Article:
Saturday, July 17, 2010

Psyche and the City: A Soul’s Guide to the Modern Metropolis

Forthcoming August 1, 2010

Psyche and the City: A Soul’s Guide to the Modern Metropolis

Editor: Thomas Singer
Preface: Thomas Kirsch

Psyche and The City: A Soul’s Guide to the Modern Metropolis, is a collection of depth-oriented articles about several of the great cities of the world. Its chapters explore each city’s unique identity in terms of such hard-to-define qualities as psyche, soul, and spirit through history, geography, and anecdotes from the authors’ personal experiences.

The following is excerpted from the beginning of Erel Shalit's chapter on Jerusalem:

Human Ground, Archetypal Spirit

Unlike Rome, not all roads lead to Jerusalem, and those that do may all too easily lead the visitor astray in a labyrinth of divinity and madness. In the course of history, when Rome became the center of power, sanctity and glory, Jerusalem sank into spiritual ruin and peripheral oblivion. Thus, even those modern roads that bring you smoothly to the city may force the pilgrim to pass “through thorny hedges…” of his or her mind.

One may conveniently approach Jerusalem from the west, ascending the modern highway, which climbs eastward through the Judean Hills–like a Western mind moving toward the Orient. By approaching Jerusalem driving on the comfortable asphalt that smoothly covers the ground and softens the bumps, one may arrive only to find a noisy and neglected city, tired by too much spirit and worn out by too much poverty. Slowly winding upward through the hills, parallel to the highway, runs the dusty old donkey path, burdened by archetypal history. Arriving this way, one may find the sparks of illumination that shine from within the dry stones, as well as the strife and conflict that cut through the rocks of Jerusalem.

Alternatively, one may proceed toward Jerusalem on the Route of the Patriarchs, from the desert in the east. This is the path on which the ancient Hebrews arrived, as they crossed the river into the land of Canaan, thus gaining their name and reputation as Hebrews, which means “those that came from across the river.”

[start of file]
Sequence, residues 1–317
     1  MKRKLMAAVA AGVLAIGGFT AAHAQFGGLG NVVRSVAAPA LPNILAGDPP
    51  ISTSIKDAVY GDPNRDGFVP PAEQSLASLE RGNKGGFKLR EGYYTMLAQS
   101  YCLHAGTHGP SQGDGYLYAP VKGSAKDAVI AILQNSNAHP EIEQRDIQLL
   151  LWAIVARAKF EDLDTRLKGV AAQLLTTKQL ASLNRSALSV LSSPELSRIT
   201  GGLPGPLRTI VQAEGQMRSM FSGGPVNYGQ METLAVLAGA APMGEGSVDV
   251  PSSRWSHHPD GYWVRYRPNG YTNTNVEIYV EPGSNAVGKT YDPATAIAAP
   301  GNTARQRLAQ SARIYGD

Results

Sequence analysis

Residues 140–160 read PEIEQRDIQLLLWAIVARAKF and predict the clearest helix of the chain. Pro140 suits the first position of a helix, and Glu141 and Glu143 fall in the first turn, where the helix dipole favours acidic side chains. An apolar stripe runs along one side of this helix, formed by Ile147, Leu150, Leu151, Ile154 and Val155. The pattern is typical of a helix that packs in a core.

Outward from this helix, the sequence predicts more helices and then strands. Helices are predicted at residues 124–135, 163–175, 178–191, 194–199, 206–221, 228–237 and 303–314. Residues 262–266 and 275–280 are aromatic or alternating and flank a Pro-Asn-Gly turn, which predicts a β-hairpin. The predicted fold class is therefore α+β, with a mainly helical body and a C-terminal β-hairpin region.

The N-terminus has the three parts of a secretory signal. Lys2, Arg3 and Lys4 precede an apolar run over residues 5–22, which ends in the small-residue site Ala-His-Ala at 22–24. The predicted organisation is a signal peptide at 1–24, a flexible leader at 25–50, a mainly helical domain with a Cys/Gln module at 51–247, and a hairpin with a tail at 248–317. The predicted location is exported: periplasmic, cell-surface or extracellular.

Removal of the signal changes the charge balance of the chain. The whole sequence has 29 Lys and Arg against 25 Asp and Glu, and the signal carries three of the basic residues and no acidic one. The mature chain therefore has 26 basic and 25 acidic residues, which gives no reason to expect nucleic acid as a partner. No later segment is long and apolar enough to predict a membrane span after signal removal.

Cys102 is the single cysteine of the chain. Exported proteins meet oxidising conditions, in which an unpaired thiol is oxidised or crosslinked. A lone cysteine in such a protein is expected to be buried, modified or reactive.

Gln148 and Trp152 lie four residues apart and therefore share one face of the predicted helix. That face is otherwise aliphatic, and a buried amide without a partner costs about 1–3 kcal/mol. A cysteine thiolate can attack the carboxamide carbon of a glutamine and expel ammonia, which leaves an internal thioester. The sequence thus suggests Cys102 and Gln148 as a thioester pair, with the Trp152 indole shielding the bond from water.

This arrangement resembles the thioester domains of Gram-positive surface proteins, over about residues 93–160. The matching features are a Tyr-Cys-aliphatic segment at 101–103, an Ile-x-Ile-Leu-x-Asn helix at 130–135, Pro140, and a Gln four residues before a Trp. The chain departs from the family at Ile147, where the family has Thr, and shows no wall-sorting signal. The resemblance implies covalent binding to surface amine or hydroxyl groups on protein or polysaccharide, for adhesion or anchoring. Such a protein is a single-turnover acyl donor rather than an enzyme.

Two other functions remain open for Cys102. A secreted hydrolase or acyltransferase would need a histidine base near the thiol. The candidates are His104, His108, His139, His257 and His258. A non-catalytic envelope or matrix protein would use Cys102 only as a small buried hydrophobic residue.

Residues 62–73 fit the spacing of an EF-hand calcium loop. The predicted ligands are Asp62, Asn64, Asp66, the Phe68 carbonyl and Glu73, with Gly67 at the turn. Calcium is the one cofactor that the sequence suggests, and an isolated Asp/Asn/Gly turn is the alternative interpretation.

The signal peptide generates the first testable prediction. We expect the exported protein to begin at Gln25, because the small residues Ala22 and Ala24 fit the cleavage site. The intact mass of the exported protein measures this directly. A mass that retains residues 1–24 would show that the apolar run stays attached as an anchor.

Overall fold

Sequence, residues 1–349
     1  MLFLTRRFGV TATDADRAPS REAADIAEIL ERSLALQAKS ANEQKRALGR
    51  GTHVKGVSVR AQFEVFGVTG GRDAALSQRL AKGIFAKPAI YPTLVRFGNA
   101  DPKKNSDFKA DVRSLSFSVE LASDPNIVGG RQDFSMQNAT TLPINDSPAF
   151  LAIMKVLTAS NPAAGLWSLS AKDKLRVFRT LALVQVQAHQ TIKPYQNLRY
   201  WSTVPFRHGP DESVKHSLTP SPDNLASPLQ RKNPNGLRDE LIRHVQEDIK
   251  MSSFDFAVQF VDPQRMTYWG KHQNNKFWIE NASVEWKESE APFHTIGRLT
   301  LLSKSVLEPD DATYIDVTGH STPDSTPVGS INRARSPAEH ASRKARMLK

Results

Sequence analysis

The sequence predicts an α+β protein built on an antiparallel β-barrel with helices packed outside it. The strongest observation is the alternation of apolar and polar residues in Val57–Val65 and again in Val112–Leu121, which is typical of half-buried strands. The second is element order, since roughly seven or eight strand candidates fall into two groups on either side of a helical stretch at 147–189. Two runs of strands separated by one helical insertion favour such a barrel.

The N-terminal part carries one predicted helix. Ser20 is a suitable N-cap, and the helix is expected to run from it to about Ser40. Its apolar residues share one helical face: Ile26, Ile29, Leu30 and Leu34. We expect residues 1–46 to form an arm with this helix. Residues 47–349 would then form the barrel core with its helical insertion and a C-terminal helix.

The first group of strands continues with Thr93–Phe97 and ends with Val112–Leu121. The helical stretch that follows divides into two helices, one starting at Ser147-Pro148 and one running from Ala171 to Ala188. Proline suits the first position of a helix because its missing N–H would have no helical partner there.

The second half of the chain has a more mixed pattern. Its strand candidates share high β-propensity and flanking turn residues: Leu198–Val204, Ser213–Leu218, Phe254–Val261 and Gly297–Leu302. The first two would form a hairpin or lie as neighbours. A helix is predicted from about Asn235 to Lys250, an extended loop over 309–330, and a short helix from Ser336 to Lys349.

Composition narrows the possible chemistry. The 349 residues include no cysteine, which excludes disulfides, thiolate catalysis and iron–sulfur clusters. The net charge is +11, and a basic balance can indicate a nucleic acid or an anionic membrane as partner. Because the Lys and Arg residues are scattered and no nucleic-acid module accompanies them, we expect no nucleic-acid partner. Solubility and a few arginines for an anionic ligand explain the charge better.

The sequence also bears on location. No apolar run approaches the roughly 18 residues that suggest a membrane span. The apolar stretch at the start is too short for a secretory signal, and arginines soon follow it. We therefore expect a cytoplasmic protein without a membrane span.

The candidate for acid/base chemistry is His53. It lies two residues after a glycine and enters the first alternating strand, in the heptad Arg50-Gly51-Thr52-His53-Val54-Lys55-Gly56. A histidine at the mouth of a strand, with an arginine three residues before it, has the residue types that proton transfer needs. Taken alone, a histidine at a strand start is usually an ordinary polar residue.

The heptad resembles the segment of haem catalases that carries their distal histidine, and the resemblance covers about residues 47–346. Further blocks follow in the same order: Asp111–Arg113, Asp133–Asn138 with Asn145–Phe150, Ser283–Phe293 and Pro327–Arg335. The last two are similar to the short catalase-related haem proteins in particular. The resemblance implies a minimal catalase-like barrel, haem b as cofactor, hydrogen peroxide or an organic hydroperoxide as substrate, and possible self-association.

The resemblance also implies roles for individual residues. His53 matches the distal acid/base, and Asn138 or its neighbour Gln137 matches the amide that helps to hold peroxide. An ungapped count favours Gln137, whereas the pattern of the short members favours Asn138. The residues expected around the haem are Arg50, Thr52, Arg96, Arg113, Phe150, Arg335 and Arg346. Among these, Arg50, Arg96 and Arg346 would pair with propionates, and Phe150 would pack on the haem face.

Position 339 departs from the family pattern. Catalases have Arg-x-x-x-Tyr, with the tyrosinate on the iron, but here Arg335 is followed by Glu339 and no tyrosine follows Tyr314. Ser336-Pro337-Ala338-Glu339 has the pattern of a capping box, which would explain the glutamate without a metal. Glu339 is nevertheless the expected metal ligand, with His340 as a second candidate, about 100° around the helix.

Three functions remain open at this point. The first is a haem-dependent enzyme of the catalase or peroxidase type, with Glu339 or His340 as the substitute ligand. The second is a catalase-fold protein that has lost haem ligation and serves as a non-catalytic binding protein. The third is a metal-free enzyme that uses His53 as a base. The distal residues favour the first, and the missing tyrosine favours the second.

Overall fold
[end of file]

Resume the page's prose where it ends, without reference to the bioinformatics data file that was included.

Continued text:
One may capture Jerusalem by drawing the sword against evil spells, as did King David from the Jebusites three millennia ago, or enter the city humbly on a donkey, like Jesus did and any future Messiah is supposed to do as well, or like the Caliph Omar majestically riding on a white camel. In whatever way one arrives, the visitor must be ready to overcome the obstacles of Earthly Jerusalem, which far from always mirrors her Heavenly Sister’s image of completeness and redemption.

“Crouched among its hills,” Jerusalem is immersed with mythological, religious, and symbolic significance. Yet, scarce in natural resources, the surrounding land is cultivated rather than fertile by nature, and the so-called Jerusalem stone, the pale limestone that characterizes many of the city houses, nearly cracks and shatters by carrying the burden of Heavenly Jerusalem. In its often shabby garb, terrestrial Jerusalem seems to want to shake off its Celestial Glory, releasing itself from the task of being “the gateway to heaven.” At other times, when the light from above is reflected in her harsh stones, Jerusalem seems to embrace the presence of the Shekhinah, the earthly dwelling of the divine. Especially at dawn and at dusk, the reflection of the light may bring that which is below and that which is above, earth and heaven, reality and imagination into play with each other–marble-like clouds weighing heavily above, and stones that radiate light.


Soul/City Luigi Zoja
Bangalore Kusum Dhar Prabhu